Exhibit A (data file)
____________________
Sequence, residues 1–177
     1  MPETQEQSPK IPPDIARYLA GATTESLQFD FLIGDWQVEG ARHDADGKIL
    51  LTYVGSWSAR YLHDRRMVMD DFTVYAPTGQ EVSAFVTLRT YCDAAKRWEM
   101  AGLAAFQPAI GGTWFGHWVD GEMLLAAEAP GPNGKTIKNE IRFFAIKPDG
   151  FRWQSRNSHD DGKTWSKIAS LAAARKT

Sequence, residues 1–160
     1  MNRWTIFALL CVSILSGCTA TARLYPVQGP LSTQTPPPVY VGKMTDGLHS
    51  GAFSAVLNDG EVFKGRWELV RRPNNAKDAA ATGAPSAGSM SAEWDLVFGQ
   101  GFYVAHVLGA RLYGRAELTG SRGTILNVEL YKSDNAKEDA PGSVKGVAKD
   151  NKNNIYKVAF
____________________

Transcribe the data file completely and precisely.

Sequence, residues 1–177
     1  MPETQEQSPK IPPDIARYLA GATTESLQFD FLIGDWQVEG ARHDADGKIL
    51  LTYVGSWSAR YLHDRRMVMD DFTVYAPTGQ EVSAFVTLRT YCDAAKRWEM
   101  AGLAAFQPAI GGTWFGHWVD GEMLLAAEAP GPNGKTIKNE IRFFAIKPDG
   151  FRWQSRNSHD DGKTWSKIAS LAAARKT

Sequence, residues 1–160
     1  MNRWTIFALL CVSILSGCTA TARLYPVQGP LSTQTPPPVY VGKMTDGLHS
    51  GAFSAVLNDG EVFKGRWELV RRPNNAKDAA ATGAPSAGSM SAEWDLVFGQ
   101  GFYVAHVLGA RLYGRAELTG SRGTILNVEL YKSDNAKEDA PGSVKGVAKD
   151  NKNNIYKVAF